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Rookies in class

Michael Johnson gets in some work at the June 18-20 mandatory minicamp.

Posted: 1:10 p.m.

Michael Johnson is our man on the ground at the NFL Rookies Symposium in Palm Beach Gardens, Fla. He'll be giving a daily report on the most covered orientation in American business that opened Sunday night and continues Monday through Wednesday in meetings lasting daily from 8 a.m. - 10 p.m.*

Michael Johnson didn't want to go.

But after an evening of brainstorming with his teammates and fellow rookies from the Dolphins and Raiders as they discussed the reasons why people they know never made it in sports, the Bengals third-round pick is wondering what else is in store the rest of the week.

"I'm glad I'm here," Johnson said Sunday night as the 11:30 p.m. bed check loomed.

"It sounded boring when I first heard about it. Meetings all day and all night with nothing else to do. But now that I'm here, they've gone all out to show how much they care. It makes you want to make sure you don't let anybody down."

Johnson, a high school valedictorian who graded highly in character when the Bengals scouted him out of Georgia Tech, is all ears even though the program is geared to players who haven't been so blessed off the field. Earlier this summer Johnson was giving advice himself as his high school's commencement speaker back in Plantersville, Ala.,

But Johnson is smart enough to know there are pitfalls out there even if there haven't been any yet. The symposium goes beyond behavior and discipline. Rookies are also exposed to the financial and social problems that can arise with fame and fortune.

The heavy hitters were rolled out to welcome the league's 256 draft picks, such as NFL Players Association executive director DeMaurice Smith and former linebacker Marcellus Wiley, whose four NFL teams are asterisks after playing at Columbia. NFL commissioner Roger Goodell made an appearance via video.

But Johnson came away talking about the ensuing breakout session with rookies from the Bengals, Dolphins and Raiders in which Bengals director of player relations Eric Ball and director of security Rusty Guy participated with their counterparts from Miami and Oakland.

"Between the three teams there were over 100 years of NFL experience," Johnson said. "We've talked about this stuff as a team already, but to hear about it from others gives you another look at it."

In Cincinnati during May and June, Ball and Guy led the 11 Bengals draft picks through a variety of sessions dealing with criminal behavior, drugs and alcohol, banned substances, media and family. They will do more during the year, but this week they're able to compare notes league-wide.

Which is what they did after first meeting as a team Sunday night to discuss what qualities they have seen in other players that failed beforeĀ sitting in with the Dolphins and Raiders.

"When we got back together, all three teams had the No. 2 reason as drugs," Johnson said. "The No. 1 was a little bit different, but we all pretty much had the same things on the lists. Not a good enough work ethic. Too many distractions. Women. Attitude. But it's interesting we all had drugs ranked second."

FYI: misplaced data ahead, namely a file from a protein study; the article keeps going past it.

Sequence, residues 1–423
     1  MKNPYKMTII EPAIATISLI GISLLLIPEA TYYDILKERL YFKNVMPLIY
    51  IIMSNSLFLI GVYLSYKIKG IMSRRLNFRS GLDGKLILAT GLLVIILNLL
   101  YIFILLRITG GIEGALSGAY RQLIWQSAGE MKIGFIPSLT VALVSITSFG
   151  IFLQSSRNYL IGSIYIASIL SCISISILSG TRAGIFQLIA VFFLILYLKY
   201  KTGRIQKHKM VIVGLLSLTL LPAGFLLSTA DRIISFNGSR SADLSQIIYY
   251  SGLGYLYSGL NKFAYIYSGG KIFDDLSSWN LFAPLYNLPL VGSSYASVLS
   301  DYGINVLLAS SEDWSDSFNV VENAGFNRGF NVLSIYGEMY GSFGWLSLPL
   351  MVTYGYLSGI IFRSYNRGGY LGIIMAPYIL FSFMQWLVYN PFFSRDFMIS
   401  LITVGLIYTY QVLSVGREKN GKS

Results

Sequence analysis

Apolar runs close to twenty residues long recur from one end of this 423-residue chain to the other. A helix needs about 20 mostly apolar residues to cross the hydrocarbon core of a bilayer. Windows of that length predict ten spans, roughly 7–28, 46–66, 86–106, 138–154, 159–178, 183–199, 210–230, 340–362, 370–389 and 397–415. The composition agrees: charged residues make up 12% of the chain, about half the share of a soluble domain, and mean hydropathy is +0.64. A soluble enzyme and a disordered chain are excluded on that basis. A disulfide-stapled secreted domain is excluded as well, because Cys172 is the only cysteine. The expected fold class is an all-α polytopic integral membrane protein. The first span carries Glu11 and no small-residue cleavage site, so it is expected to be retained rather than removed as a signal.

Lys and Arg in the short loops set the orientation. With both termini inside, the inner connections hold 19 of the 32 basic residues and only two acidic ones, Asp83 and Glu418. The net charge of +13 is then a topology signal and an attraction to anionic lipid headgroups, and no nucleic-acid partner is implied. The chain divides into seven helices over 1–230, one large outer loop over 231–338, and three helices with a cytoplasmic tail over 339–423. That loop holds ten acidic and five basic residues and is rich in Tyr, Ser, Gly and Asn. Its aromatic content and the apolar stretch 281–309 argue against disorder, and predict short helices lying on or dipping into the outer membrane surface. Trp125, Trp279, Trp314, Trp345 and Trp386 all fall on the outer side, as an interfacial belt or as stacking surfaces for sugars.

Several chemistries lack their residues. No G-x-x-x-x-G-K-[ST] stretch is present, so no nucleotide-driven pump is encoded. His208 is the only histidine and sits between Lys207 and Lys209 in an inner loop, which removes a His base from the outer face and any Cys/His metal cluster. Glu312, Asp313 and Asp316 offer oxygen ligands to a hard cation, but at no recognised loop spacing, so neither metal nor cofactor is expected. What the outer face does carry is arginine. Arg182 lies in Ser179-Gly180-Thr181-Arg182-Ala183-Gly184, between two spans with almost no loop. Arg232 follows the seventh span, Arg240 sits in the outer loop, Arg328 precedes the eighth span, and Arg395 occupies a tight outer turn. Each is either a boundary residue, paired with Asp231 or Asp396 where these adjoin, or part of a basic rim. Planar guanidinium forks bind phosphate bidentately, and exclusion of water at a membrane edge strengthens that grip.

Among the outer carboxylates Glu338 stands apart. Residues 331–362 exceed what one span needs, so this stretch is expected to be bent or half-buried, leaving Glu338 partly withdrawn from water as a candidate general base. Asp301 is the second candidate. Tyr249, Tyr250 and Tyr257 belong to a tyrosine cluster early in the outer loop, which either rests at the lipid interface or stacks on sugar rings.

When the Bengals met separately, it was a chance for Johnson to see his teammates in a different setting and he was impressed with the way Andre Smith and Chase Coffman spoke about their experiences. Johnson added some thoughts, but he made sure he was taking notes.

"We're all getting to know each other and this was another step in that, too," Johnson said. "You get more relaxed the more you're around guys."

On Sunday night before the breakout sessions, the players saw some skits detailing problems as varied as tickets to girlfriends and how to respond.

"The girlfriend thing doesn't apply to me, but I've seen what has happened to some of my friends and a lot of it was familiar," Johnson said. "The things they're talking to you about are choices and consequences. Every choice has a consequence."

Johnson already had help with the ticket problem. People just don't seem to understand that tickets aren't free.

"When I got drafted, my momma told me, 'Get the Bengals ticket number and put it in your phone,' " he recalls. " 'And when they ask, you give them that number.' "

But there are just some things that mothers can't help with, which is why the league brings in a diverse panel. It was not lost on Johnson that it was Smith's first appearance at the symposium as NFLPA chief and that Wiley comes out of the Ivy League.

"(Smith) was smooth. I was impressed with how well he spoke and how much he cares about what we're doing," Johnson says. "Wiley went to Columbia so, yeah, that does get your attention a little bit. He talked about taking advantage about what you've got."

Before they broke into groups, they also brought in a couple of "old" rookies who went through it last year, such as Dustin Keller, Harry Douglas, Chris Long and Eddie Royal.

"Chris Long talked about how your technique is so important now because everyone is so good," Johnson said. "And Eddie Royal said you have to study your opponent because he's going to be studying you."

Johnson said he didn't come into the week with any opinion of Goodell, viewed by many as even tougher than judges when it comes to handing out punishment.

"I don't know enough about him or all of this to make any judgments like that," Johnson said. "I hope people would do that for me. I'm not going to pre-judge anybody."

But Johnson did make a call on the itinerary. With an 8 a.m. Monday start, he left an early morning wakeup for him and roommate Clinton McDonald, the defensive tackle from Memphis.

"Got to get a workout in," he said.

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